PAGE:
Mamelodi branch finally launched

Mamelodi branch finally launched

Finally! The Mamelodi branch in Pretoria is officially opened. The 8th of March 2014 saw IkamvaYouth and our sponsor ABI working closely together in organising together a successful Open Day and Media Launch for the branch. The community came out in numbers to support this initiative and so did the learners, who would not miss the day their very own branch is launched.

The events that occurred prior to the branch being established were not tranquil. A venue had to be secured, an MOU had to be signed, and learners needed to be recruited from the surrounding schools. For a branch to fully function, volunteers have to also be recruited.

The day started off with our energetic MC Tshegofatso Thulare, Ivory Park Branch Coordinator, welcoming everyone and thereafter introducing Mr Jokazi. He is the principal of the college from which the branch is based. He started off by giving a warm welcome to everyone present and him reiterating the importance of education and the history of the college. The college at which the branch is based was a primary school years ago which was then left vacant and thereafter devastatingly vandalised. The college was established a few years ago and its role in the community is of high relevance. It serves as an Adult College which also seeks to assist and provide education to township learners who’s aim is to access tertiary and/or the equivalent. The college is called The Mamelodi State Centre for Adult Education situated in Mamelodi West, N Section.

Plenty of speeches were delivered that day, Patrick Mashanda the District Coordinator informed everyone about the IkamvaYouth model and how we work and how it then results to the impact we have had for the past ten years. Zamo Shongwe our National Coordinator gave an informative talk about the culture of volunteerism and the effect and benefits it has in one’s life. She also mentioned how volunteers contribute to the running and daily operations of a branch and in doing that one then gains skills which then adds to their career development.

Helen Makhubela an alumna gave a motivating and encouraging speech to the learners, she attested on the impact IkamvaYouth has on the learner and one’s academic and social life in its entirety. She was then followed by her mother who also informed us about the changes in which she saw in her daughter after months of joining IkamvaYouth. Many faces lifted up as she spoke about her daughter and how proud she is of her especially when boasting about the bachelor degree pass in matric her daughter obtained after 3 years of IkamvaYouth.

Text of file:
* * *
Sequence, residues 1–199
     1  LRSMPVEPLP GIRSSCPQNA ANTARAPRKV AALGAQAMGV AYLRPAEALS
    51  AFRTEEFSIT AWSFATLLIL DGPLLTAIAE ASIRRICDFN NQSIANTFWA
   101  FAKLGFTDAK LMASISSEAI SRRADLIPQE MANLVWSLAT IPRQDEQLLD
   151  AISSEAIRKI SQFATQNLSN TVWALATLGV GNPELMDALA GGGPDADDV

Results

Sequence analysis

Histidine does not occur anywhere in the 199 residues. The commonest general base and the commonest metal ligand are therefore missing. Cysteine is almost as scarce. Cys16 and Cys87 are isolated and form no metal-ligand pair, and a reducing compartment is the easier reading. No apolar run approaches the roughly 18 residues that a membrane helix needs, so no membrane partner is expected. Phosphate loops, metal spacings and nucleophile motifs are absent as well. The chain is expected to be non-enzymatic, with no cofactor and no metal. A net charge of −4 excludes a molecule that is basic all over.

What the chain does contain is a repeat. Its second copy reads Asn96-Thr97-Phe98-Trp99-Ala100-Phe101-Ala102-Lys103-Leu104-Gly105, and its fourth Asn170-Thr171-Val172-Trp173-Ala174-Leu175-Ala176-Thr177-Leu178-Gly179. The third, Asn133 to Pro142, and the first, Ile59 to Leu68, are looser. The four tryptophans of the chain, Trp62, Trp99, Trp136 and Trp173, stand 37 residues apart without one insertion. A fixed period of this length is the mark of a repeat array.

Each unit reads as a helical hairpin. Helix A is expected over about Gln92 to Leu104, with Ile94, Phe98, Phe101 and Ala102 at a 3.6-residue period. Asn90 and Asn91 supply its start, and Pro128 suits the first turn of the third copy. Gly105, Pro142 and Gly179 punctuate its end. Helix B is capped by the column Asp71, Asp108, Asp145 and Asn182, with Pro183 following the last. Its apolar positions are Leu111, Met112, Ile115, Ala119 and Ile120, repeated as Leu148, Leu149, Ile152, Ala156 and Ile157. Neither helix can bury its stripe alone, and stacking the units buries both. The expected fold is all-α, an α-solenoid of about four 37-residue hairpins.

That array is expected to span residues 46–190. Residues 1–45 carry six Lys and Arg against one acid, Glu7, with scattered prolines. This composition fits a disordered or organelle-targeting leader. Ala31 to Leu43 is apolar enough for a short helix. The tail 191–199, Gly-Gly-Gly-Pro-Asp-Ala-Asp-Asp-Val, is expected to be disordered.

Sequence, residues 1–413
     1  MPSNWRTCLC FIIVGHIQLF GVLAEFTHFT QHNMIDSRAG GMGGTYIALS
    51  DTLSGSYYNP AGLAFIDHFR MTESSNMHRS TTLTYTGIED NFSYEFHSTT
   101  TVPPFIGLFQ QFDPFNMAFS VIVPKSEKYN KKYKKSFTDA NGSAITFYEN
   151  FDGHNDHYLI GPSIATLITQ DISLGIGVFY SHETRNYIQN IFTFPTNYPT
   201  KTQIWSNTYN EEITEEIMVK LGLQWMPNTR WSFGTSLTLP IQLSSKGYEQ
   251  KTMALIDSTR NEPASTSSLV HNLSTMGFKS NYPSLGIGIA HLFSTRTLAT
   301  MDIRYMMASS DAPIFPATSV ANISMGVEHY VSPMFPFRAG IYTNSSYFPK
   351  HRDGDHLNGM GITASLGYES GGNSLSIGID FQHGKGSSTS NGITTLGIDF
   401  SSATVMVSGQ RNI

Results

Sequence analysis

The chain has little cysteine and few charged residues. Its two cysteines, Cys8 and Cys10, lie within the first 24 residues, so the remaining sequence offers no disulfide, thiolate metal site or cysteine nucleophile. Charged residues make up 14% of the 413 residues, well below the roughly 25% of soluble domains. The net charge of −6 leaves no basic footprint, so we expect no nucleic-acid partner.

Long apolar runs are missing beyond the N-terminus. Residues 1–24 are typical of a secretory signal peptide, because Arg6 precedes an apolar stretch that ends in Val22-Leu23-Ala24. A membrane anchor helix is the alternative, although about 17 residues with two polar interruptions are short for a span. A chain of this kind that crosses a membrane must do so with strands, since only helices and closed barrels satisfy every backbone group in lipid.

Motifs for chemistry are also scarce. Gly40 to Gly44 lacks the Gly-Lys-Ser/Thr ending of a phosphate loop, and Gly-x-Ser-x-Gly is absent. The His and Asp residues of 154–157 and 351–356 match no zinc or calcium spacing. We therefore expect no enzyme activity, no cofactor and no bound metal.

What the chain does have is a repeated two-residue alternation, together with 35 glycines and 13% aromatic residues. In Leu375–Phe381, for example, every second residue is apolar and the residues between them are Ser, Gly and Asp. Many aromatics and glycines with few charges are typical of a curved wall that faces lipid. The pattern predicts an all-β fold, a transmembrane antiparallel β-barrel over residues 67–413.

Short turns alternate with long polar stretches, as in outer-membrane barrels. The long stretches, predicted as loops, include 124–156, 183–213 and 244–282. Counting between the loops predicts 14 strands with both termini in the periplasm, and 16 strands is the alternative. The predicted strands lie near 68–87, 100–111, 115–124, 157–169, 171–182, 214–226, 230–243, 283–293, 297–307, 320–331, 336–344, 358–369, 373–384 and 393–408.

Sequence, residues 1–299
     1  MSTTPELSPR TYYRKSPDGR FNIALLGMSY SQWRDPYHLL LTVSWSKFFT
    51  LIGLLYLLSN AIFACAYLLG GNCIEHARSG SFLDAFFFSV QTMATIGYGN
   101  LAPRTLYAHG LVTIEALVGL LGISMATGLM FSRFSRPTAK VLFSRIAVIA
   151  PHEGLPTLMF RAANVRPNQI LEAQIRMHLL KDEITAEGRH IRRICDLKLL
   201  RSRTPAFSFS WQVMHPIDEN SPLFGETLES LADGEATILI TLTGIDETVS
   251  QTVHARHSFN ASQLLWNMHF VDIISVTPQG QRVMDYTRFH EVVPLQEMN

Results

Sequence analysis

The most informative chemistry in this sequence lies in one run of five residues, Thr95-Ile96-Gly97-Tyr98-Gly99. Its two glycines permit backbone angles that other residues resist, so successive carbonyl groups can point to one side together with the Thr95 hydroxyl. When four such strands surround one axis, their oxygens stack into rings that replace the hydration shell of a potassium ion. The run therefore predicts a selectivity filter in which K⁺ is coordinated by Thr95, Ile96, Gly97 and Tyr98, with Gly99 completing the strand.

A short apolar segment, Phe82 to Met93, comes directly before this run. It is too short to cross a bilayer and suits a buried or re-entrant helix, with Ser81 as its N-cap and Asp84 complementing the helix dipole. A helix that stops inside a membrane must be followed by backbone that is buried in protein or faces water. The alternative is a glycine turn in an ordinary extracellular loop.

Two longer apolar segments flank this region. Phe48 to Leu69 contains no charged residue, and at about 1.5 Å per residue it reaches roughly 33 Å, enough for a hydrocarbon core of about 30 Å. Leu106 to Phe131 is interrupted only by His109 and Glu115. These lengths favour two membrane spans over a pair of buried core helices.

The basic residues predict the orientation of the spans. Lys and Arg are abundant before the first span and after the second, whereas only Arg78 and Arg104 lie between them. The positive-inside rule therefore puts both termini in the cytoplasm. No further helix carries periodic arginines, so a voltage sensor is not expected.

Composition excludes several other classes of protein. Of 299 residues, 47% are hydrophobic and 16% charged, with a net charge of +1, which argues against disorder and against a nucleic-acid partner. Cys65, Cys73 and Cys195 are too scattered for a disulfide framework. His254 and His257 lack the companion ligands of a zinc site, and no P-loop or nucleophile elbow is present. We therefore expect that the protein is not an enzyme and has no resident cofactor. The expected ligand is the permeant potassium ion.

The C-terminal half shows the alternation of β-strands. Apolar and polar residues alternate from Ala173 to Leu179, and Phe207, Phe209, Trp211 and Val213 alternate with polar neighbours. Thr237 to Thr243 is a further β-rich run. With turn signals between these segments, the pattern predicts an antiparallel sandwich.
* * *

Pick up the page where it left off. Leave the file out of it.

As mentioned above when we first saw what was to be Mamelodi branch, the block in which we were supposed to work from was vandalised to the extreme and the space was uninspiring for an IkamvaYouth branch, to say the least. Our sponsor ABI came in and viewed the space and happily agreed to refurbish the block of classrooms, computer lab and office space. That left us with a space that stimulates and cultivates learning. After most of the renovations had been done, ABI brought in their employees and Ikamvayouth theirs, to come in and add final touches to the branch by painting and trimming the walls, a day which they call CSI Day. This took place on the 13th and 14th of February 2014 which we all boast was a successful event.

Peirre Bleeker the ABI General Manager for the North Region also shed light on the ABI CSI department in its entirety during the Open Day. He mentioned the amount of work that goes into this department, the selflessness of ABI employees who give off themselves in every project that they are involved with was the greater part of his speech.

For any branch to sustain and create the impact it aims to create a relationship with the Department of Education in that region has to be established and this was successfully  done in the Mamelodi branch in Pretoria. On the day, Department of Education official, Pranay  Devchand engaged us in his speech which he emphasised to the learners the importance of having confidence in themselves, taking ownership for your future ,academics and importantly for them to aim high and to give it all they have got as they are the future of this country.